Right now, Willamette Humane Society is hosting a very special “Free the 50” campaign, in which the first 50 adult cats processed for adoption can go home with families at no charge. Every single cat I’m going to mention in this blog qualifies for this program. Yay!
First up is this sweetheart of a cat: Roxy. She’s a 10-year-old domestic shorthaired cat with very plush, very thick fur that’s well maintained. It’s hard to believe how soft this cat is.
Roxy has lived with the same family for all of her 10 years, but a grandson developed allergies, so she’s looking for a new place to dwell. She has a lot of really great selling points.
In addition to a good history with visiting children, she also has a good history of life with dogs. And, she’s living in a suite with plenty of roomies right now, and she’s doing beautifully. She doesn’t hide nor does she fight. She just watches.
I can see Roxy doing quite well (with the proper introductions) in a multi-cat household. In fact, if you’re hoping to bring home a kitten but don’t want that cat to live alone, Roxy might be a good senior companion. She can model the behavior you’d like the kitten to pick up, and she can cuddle up with you when the kitten’s antics wear her out.
Roxy can seem a little distant, mainly because she has an adorable frowny face, but she responds beautifully to her name. Talk with her, and she’ll roll right over to show you her belly. She’s clearly accustomed to that kind of interaction, and she is craving more human attention than she’s getting right now.
I’m hoping she’ll head home this week.
Does this face look familiar? It should. This is Alberta: One of the Smokehouse Sisters we wrote about so often this winter. You can see those posts here and here and here. They’ll give you a great deal of information about the house fire this girl (and her sister, which I’ll talk about in a moment) survived and the struggles she had in the aftermath.
Alberta has been adopted twice. This time, she came back due to landlord issues. And it’s clear that her adopted family did a lot of work to help Alberta to recover.
She isn’t nearly as demanding and pushy as she once was. Instead, she seems docile and calm. She happily accepted my attention, and she even curled up in my lap for a moment or two. That’s not something she would have considered when she was here the first time.
Alberta’s last home reports that she tends to focus her attentions on one person in the family, seeking out that person almost exclusively for love and affection. And, that home reports, she likes to have privacy and space from time to time.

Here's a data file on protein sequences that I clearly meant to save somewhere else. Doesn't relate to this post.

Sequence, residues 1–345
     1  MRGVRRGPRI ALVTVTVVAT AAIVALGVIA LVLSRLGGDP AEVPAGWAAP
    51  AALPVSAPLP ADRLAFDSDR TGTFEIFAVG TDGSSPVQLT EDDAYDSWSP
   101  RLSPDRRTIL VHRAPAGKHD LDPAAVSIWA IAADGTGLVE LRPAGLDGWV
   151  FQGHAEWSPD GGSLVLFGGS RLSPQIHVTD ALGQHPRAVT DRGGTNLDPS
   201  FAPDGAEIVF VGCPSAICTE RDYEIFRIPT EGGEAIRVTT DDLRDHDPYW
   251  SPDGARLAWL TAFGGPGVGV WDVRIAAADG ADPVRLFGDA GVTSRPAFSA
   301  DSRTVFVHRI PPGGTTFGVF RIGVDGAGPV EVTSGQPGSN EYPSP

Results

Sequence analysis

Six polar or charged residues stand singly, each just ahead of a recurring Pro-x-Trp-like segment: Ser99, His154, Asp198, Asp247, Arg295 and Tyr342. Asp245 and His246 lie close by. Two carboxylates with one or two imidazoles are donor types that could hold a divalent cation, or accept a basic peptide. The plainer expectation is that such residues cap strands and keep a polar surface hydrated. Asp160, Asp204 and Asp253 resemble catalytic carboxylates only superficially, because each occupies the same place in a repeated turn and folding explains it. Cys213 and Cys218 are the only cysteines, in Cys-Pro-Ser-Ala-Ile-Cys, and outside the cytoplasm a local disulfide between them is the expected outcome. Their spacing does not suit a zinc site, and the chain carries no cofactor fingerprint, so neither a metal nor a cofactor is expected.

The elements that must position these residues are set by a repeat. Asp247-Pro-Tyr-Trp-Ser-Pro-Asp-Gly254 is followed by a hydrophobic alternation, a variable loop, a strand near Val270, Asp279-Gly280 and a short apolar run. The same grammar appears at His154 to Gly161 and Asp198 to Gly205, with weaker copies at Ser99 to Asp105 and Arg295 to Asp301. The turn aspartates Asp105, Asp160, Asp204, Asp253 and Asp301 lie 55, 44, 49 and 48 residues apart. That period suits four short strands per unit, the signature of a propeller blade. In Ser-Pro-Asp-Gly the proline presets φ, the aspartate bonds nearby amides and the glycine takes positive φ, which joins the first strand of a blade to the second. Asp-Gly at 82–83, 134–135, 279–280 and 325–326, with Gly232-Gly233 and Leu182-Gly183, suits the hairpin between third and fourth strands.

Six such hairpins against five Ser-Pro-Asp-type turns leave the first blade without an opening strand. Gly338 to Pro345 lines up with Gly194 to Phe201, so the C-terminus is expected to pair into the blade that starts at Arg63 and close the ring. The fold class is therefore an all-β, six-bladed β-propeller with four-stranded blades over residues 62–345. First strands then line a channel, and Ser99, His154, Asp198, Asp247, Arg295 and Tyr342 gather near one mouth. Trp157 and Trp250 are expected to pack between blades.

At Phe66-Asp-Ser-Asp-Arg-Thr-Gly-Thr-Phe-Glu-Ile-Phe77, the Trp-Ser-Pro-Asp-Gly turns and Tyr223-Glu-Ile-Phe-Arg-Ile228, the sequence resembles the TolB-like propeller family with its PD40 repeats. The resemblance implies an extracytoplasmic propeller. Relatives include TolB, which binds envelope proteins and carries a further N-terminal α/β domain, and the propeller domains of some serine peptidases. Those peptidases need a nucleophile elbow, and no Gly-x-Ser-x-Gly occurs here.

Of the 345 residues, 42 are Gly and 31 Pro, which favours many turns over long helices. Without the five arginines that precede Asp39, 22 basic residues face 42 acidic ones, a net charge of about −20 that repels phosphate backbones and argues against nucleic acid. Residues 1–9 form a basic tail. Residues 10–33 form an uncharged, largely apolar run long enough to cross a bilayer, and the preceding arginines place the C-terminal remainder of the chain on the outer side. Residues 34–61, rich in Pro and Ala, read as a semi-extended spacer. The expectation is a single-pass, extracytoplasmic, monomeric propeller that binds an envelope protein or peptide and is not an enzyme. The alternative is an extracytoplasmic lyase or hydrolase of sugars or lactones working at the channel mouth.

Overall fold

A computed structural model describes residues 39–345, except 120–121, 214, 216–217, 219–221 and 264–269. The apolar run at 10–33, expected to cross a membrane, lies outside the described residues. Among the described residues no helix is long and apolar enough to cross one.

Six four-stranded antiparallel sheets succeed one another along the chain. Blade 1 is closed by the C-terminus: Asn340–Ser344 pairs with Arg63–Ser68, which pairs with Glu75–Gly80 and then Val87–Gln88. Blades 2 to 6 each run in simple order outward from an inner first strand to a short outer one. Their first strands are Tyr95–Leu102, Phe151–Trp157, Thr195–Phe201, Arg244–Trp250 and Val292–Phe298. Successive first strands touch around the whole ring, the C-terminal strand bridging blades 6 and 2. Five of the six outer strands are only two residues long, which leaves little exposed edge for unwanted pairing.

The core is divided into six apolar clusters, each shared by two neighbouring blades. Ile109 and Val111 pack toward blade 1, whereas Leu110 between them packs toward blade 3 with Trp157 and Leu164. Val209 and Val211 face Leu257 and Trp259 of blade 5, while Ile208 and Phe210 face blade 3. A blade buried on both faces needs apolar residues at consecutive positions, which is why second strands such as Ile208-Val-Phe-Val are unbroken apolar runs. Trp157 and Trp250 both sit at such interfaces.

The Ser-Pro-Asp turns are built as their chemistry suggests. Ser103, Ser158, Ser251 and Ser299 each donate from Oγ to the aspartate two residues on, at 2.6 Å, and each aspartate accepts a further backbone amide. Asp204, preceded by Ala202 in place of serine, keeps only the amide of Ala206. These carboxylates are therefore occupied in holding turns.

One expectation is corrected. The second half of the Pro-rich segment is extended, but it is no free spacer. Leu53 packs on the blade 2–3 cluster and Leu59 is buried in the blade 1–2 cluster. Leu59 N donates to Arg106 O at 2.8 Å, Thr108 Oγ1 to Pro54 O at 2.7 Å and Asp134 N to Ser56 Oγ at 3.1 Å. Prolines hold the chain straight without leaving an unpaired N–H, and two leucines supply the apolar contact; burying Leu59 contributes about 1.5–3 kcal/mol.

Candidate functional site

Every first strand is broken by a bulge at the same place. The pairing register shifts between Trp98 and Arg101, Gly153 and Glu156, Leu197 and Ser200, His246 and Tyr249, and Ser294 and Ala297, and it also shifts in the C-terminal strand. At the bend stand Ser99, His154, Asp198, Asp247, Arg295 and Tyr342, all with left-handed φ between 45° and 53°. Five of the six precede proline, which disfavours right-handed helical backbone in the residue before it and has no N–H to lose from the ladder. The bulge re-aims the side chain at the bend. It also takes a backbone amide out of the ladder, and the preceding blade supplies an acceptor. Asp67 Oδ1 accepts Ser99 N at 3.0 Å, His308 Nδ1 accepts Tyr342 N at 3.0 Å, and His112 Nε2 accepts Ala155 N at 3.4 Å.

Once again, we’re recommending that Alberta be adopted with her sister, Colette. These two have been through a lot together, and they need one another. They squabble from time to time, as sisters do, but they also are tightly bonded, and that’s something we need to respect.
Yup, here’s our other Smokehouse Sister. This is the kitty in whom I’m seeing the biggest changes.
Colette has found a favorite resting spot inside her suite, but she’ll hop right out for love and affection at a moment’s notice. She’s much more receptive to petting, to brushing, and to playtime. She’s even nuzzling up to Roxy in her suite, which I never thought I’d see.
Colette might regress to her former hiding self when she heads to a new home for the first time. That would not surprise me at all. But with patience, love and respect, it seems like she might make a full recovery from her traumatic past. She and Alberta just need a cat-savvy hero that can help them take that last step. Could it be you?
Bonus: Quincey the Helper!
This senior cat, Quincey, has become a particular favorite of mine, and he spent quite a bit of time just relaxing in my lap today. But he’s also quite the helper. When I pulled this stool out to clean a high shelf, he hopped right up to help. Darling, right?
Quincy may be one of the oldest cats in the shelter right now, but he clearly has a lot of love and quirkiness to share. And he’s free! Come visit!
That’s it for this week! Next week, I’ll be out of town, so I won’t be writing up a blog.
But you can help.
If you have a spare second sometime during the week, head down to the shelter and snap a photo of a cat you really like. Then, share it on your social networks with a few notes about who the kitty is, why that cat is awesome and why it’s a good fit.
Think of it as a form of micro-blogging. If we all do a little promoting and sharing, those first 50 free cats will fly out of the shelter.
You in? I hope so.
See you in two weeks!